Sign up for email alerts of new Fluid Journal issues!
Fluid Journal : Fluid Journal 1996-1998
1 Fluid Journal Winter 1996 70 60 50 40 30 20 10 Yield - bu/A Root-Diseased Soil Fumigant Soil Between Below Alternate Row Rows Figure 1. Effect of fumigated soil (vs. soil with root disease) on spring wheat yield, comparing two placement methods, Pullman, WA 1990. Summary: Western crop residue management matches the success of other regions in erosion control and water conservation, yet remains different in practical appli\cation due to crop rotations, climate and irrigation. This underscores the role of the site specific approach in modern fanning, particularly with the advent of watershed and ecosystem management concepts. Crop residue management practices, fur example, are an excellent companion to riparian filter strips; but what works in the eastern U.S. may have little practical relevance to the arid regions of the West, and vice versa. The key to reaping substantial economic and environmental benefits for growers and dealers has been by learning how to successfully implement crop residue management as an integrated system under the varied conditions of the West. Coupled with some excellent research and extension resources, ample opportunities remain for enterprising farmers and their dealers. According to the Conservation Technology Information Center, crop residue management is practiced on over 60 percent of the planted acres in the United States. Crop residue techniques include true conservation tillage (over 30 percent of soil surface covered by residue after planting) such as zone-till, no-till, ridge-till, and mulch-till. Other reduced tillage types that leave between 15 and 30 percent residue after planting also count as crop residue management. Residue management has steadily increased across U.S. farmland since the early 1980s. Though this trend includes western regions of the country, peculiarities of climate, cropping, and water management have presented a variety of crop residue Dr. Julian Smith Residue Management In West Problems peculiar to region provide a host of challenges to western conservation tillage growers. management challenges for western growers and dealers. Crop profile. True conservation tillage, notably no-till and ridge-till, predominates in the corn/bean cropping systems of the eastern and Midwestern U.S. In the western U.S., there is a transition to mulch-till and other reduced tillage forms of crop residue management, reflecting the predominance of small grains and row crops (such as potatoes and sugar beets) in western crop rotations. Western crop residue management, therefore, is different from that of the Corn Belt, yet it is effective. Erosion. Crop residue management practices are extremely effective in reducing water erosion and runoff, and wind erosion of agricultural lands. In the drier regions of North America, improved moisture storage is an important additional benefit. The efficacy of western reduced tillage practices, however, is well documented by data of the Natural Resource Conservation Service (NRCS). According to area agronomist for the NRCS in Idaho, Carrie Smith, the state is on or ahead of schedule in executing conservation plans for Idaho's most erodible cropland. The NRCS estimates that when Idaho conservation plans are in place, erosion on highly erodible lands will be reduced by over two- thirds--- from an estimated 18.1 tons/A prior to the Farm Bill to 5 tons/A annually. Clearly, growers are making tremendous progress in reducing soil erosion. As might be anticipated, gradual changes in farming practices have been minored by sound research and development in both public and private sectors. Adaptability. That the western U.S. residue management programs are different from well documented Corn Belt systems is well demonstrated by dealer experience in Idaho. The famous potato crop predominates in the fertile, irrigated Snake River plain. At the eastern edge of the plain, dryland grain is the crop in the foothills of the western Rockies to altitudes of 6,000 feet. Brian Davis, unit manager for Simplot, services both dryland and irrigated producers in the area. He has noted a continual growth in crop residue management practices that started with dryland grain crops in the early l980s. Growers appear to be adapting dryland conservation practices to irrigated crops. Most problems, he explains, seem to be associated with the levels of residue under irrigation. Differences in residue from a 20- to 40-bu/A dryland grain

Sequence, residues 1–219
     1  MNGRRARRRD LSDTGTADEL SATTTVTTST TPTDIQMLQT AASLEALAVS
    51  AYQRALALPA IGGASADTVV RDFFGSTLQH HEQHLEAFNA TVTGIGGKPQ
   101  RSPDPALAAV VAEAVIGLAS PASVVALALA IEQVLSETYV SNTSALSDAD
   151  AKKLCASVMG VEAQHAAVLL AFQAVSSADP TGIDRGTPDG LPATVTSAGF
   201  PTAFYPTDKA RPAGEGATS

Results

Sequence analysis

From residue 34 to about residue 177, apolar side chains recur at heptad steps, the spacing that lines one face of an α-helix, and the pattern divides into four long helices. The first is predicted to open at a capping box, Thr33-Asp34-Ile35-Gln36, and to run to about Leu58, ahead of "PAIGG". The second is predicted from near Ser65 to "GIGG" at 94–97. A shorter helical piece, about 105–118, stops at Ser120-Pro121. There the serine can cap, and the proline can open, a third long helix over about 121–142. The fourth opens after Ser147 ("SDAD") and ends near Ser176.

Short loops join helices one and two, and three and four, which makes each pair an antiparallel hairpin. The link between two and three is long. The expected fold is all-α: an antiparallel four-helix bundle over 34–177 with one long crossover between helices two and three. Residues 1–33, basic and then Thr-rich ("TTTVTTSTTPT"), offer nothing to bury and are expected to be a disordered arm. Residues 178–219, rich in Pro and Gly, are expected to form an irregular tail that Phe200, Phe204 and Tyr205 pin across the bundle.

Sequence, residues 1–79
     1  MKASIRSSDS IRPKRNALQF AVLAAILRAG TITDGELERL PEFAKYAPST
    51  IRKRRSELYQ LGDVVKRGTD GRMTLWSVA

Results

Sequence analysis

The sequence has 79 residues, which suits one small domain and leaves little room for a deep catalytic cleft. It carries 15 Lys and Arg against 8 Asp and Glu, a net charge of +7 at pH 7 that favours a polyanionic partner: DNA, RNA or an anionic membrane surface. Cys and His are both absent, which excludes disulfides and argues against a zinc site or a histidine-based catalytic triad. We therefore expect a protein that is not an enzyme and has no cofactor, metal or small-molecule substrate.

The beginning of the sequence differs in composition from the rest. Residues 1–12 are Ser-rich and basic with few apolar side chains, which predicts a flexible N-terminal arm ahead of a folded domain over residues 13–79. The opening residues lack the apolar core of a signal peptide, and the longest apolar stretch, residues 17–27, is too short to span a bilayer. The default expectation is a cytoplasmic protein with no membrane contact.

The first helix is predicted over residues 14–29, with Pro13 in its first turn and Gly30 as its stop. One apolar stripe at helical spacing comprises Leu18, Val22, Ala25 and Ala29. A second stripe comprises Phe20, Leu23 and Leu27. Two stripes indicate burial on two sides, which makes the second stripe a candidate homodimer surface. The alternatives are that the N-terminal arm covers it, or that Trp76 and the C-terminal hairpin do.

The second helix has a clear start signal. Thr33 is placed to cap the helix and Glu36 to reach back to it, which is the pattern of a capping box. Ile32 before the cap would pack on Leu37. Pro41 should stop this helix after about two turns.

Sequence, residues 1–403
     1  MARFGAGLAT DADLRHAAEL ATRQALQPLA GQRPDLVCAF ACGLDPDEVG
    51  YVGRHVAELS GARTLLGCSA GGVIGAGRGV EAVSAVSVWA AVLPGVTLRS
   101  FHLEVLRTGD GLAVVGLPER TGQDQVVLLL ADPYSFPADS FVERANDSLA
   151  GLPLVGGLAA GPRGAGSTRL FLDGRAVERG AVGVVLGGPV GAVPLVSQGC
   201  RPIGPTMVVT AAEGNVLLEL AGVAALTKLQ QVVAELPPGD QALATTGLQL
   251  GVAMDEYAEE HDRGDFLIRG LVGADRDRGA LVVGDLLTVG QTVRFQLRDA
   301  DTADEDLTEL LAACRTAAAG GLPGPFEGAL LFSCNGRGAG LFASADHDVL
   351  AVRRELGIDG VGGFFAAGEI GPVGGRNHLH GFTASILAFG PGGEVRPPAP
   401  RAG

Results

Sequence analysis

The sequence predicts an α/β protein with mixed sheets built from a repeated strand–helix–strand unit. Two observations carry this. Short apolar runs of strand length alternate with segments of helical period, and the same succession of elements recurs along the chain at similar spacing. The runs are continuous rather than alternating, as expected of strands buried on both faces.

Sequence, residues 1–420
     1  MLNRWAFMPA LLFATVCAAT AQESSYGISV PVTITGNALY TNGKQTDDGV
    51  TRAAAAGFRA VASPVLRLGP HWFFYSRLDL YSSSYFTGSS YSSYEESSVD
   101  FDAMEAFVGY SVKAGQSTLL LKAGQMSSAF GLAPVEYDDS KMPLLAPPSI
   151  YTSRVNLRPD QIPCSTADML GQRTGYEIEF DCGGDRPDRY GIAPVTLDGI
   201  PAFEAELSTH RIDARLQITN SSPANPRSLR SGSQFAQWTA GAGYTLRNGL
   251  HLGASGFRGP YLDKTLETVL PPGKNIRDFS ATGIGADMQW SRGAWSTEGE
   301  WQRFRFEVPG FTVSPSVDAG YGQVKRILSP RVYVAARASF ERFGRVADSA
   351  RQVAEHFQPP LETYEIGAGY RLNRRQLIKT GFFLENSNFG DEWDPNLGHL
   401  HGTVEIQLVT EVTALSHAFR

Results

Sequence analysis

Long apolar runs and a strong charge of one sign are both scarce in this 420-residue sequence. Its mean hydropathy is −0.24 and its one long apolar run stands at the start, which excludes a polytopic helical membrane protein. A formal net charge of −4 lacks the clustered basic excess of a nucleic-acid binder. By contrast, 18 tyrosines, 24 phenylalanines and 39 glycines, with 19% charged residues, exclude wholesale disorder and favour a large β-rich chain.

Fluid Journal 1993-1995
Fluid Journal 1999-2001